Russia may not be a super power in terms of it's ability to influence world events but it remains the second most powerful military. It's nuclear capabilities dwarf China's. It also has not fallen in line with the globalist agenda the way China has. Chinese nationalism is not seem as a threat to the economic imperialism that characterizes especially Germany's ambitions. Germany has essentially done what it could not do in two world wars and has become the defacto leader of Europe. Friendly relations between the U.S. and Russia would threaten the new European order but also the control of the international banking establishment.

One of the reasons Trump is hated so much is the belief that he does not or perhaps cannot understand the importance of the international banking relationship to global politics. His insistence on NATO paying it's own way for example is seen by the European establishment as a betrayal of the spirit of the Bretton Woods system. While Nixon betrayed the agreement in 1971 the gold standard also limited the ability of all the participants to fully engage in Keynesian economics and was perhaps seen as unavoidable. It also leveled the playing field for Europeans as the dollar would no long be hegemonic in their area of influence. The deal was at least in part a way of paying off the post World War Two debt by giving the U.S. dollar inflated value by increasing demand. The Bretton Woods agreement was replaced in this capacity by the petrol dollar but left Europe somewhat free to establish it's own hegemony.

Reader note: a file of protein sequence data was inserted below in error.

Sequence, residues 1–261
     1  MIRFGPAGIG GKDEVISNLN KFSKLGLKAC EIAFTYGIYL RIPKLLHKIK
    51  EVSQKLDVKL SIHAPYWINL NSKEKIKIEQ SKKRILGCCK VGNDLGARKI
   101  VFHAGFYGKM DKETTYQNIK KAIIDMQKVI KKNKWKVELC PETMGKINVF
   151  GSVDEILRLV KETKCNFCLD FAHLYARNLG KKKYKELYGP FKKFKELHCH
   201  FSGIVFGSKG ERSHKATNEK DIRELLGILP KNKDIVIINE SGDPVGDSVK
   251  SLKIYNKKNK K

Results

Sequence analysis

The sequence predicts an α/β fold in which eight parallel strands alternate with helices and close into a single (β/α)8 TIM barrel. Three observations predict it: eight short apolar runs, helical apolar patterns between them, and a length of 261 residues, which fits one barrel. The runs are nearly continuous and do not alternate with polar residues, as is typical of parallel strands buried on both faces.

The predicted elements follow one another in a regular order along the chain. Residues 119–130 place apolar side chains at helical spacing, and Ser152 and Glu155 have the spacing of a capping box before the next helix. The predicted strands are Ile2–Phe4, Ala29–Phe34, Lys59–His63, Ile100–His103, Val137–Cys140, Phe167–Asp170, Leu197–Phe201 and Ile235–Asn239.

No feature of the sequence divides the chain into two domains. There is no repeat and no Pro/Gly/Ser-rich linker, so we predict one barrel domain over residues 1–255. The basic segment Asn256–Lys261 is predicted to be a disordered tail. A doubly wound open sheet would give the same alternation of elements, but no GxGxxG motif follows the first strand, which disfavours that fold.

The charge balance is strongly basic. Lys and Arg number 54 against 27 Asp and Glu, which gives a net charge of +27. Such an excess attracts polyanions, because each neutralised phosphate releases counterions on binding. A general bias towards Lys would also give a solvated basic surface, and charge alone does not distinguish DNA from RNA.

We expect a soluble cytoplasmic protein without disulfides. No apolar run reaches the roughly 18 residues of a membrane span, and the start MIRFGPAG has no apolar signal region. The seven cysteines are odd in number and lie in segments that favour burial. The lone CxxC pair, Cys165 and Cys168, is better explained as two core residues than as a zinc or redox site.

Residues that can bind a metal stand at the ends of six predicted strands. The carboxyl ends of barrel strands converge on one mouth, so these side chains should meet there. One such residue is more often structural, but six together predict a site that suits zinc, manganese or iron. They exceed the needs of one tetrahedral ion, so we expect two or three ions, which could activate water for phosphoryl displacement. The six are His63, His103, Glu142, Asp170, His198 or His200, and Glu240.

The other problem with Trump is his desire to weaken the influence of banks by establishing trade not finance as the central figure in international economics. That is combined with the unpopular idea of leaving Japan and South Korea free to develop their own nuclear deterrence. The two are oddly related in that they both weaken the control of international financial interest to influence world events. Personally I think Trump is right because U.S. military hegemony is nearing its end and the gulf wars are only a temporary fix to a threatened petrol dollar. The failure of the international financial institutions to come to grips with the new reality is historical typical and dangerous.

The migration crisis is another aspect of the desperate attempt by the establishment to hold on to power by importing a secure voting block and using it to squelch populism which is evident by the propaganda equating populism with fascism.


The Trump Russia narrative is code for all of the above for the establishment.

Nothing I have said should be construed to imply that Putin and his Russia are not dangerous or that the establishment is anymore corrupt than any conceivable alternative. Europe and the U.S. profit or more correctly are sustained by exporting pollution and slave labor to China and to a lesser extent Russia. The corrupt nature of those two governments is an essential component of the existing system. I suspect it cannot be maintained much longer but what do I know. I can't see how it can be reformed and the phoney Marxism that is dangled in front of the masses to distract them is not going to save the elites from the revolution that will follow economic collapse.
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Re: Is Russia really that bad?